Have you ever noticed how many people wear glasses? It isn’t an illusion that glasses and contacts are being worn by more people of all ages.
According to the article "The Sun Is the Best Optometrist" in the New York Times posted on June 20, researchers think the increase in near-sightedness over the last 30 years is not from staring at computer screens, but because of less time spent in the sun.
Being nearsighted was thought to be a purely genetic result, but it is now realized that environment plays a key role. The article said that a 2007 study at Ohio State University found that “children with two myopic parents who spent at least two hours per day outdoors were four times less likely to be nearsighted than those who spent less than one hour per day outside.”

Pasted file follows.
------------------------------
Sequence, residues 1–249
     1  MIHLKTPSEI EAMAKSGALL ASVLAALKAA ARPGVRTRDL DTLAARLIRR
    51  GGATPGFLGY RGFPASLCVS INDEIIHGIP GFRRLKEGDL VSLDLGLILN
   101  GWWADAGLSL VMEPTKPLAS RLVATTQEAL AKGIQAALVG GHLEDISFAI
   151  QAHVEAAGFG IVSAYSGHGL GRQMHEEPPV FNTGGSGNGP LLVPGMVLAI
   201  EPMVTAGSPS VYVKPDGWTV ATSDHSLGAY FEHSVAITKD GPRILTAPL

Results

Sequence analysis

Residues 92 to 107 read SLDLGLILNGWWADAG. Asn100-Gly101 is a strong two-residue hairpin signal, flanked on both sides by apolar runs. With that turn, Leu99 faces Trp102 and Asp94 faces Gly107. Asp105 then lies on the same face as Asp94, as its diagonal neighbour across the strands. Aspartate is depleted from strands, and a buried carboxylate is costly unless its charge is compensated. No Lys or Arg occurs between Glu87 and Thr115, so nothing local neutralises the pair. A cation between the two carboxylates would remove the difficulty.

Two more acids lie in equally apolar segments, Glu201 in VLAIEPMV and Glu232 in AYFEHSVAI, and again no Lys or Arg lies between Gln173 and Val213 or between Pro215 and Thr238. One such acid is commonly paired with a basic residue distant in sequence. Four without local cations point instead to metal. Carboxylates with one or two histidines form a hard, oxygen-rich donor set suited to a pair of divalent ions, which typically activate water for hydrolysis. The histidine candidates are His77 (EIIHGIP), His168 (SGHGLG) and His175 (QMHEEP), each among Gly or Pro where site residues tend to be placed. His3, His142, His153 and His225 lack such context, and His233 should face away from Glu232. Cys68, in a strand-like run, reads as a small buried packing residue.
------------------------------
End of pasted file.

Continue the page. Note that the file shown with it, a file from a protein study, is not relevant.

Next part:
Researchers think this is because the lens in a child’s eye changes in outdoor light in order to focus. When too many hours are spent inside the “eyes fail to grow correctly” and the child becomes near-sighted.
So get the kids outside (even if it is with a book or computer) and enjoy nature. Their eyes will thank you.